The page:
This article is from the Water for coffee FAQ, by Jim Schulman with numerous contributions by others.
Obviously, no one in their right minds would want to go
through the hassle of doing a boiler descaling at monthly or bimonthly
intervals. Fortunately, one can reduce the descaling requirement to
virtually nothing, even when running the 90 mg/l hardness, 50 mg/l
alkalinity water best for coffee by using this trick.
If the boiler autofill only runs to replenish water lost by
steaming, it only amounts to a few ounces per day. Suppose the water
in the boiler starts out very soft. Then these small additions of
moderately hard water won't bring it to scaling levels for at least a
week or so.
So once a week, put very soft water into your tank and flush
the boiler with it until the water has been softened down. The
flushing technique is the same as that described in the descaling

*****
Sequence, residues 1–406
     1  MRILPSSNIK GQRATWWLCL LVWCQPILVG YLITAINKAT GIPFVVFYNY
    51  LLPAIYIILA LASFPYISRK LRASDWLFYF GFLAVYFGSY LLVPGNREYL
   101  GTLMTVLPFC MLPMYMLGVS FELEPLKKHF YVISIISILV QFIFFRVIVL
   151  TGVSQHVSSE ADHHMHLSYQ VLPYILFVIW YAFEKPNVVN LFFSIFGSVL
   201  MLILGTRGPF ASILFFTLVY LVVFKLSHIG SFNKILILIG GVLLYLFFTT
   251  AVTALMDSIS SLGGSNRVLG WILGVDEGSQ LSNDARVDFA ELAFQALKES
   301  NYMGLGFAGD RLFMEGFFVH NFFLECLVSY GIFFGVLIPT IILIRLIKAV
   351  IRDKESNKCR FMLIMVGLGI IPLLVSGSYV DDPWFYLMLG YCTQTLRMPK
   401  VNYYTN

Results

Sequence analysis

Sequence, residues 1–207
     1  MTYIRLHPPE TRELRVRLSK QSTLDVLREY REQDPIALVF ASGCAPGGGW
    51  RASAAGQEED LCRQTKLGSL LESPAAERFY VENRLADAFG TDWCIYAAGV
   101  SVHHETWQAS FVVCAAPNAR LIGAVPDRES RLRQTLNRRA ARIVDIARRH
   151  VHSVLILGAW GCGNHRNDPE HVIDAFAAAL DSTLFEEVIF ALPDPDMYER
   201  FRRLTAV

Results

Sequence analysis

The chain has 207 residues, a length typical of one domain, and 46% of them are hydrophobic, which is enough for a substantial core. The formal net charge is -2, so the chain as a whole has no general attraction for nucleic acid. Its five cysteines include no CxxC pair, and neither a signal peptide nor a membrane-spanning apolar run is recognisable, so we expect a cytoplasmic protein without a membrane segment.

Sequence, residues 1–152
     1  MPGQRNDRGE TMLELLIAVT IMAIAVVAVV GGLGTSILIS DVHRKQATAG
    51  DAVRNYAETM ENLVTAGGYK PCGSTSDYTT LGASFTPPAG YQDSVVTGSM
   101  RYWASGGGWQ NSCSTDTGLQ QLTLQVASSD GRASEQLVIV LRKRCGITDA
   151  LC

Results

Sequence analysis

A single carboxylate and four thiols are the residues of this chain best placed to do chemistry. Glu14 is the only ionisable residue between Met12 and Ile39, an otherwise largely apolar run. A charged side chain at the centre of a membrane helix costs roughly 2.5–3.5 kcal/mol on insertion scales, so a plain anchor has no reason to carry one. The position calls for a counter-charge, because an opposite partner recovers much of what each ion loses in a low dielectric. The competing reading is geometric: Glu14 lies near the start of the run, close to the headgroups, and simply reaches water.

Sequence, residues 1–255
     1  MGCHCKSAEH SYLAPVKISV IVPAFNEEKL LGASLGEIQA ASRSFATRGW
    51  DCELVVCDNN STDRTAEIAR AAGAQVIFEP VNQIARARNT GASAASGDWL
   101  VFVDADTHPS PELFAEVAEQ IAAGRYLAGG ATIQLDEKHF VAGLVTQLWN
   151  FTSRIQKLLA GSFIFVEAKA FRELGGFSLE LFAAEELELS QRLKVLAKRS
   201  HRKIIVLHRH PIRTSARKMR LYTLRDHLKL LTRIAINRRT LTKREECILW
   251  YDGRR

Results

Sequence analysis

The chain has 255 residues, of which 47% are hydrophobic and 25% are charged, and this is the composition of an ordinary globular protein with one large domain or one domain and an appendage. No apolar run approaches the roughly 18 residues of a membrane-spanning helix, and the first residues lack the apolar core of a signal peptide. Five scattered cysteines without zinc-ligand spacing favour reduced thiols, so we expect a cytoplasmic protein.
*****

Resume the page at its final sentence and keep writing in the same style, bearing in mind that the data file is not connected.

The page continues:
section. Then put your regular nuetral to moderately hard espresso
water back in and enjoy your shots with complete confidence. If you
regularly use boiler water for Americanos, etc., or do a lot of
steaming, adjust the frequency of soft water flushing to match [see
section 1.7]. If this is impossible due to very high use or boiler
inaccessability, you will have to go with a softer non-scaling water.
Straight RO can be used for this flushing since enough
minerals will generally remain to operate the autofill sensor. If the
pump doesn't go off due to low minerals, simply shut the machine and
replace the RO water with the regular water. It will only take a few
seconds of pumping to raise the mineral content enough to deactivate
the autofill. Alternatively, add 5% to 10% tap water to make it
Even if boiler safe water is used, the boiler needs to be
flushed occasionally. The frequency can be calculated using the data
in section 1.
If these procedures are followed, there's technically no need
to descale the boiler at all. Nevertheless, an annual or biannual
descaling is wise to pick up any stray scale that may have formed due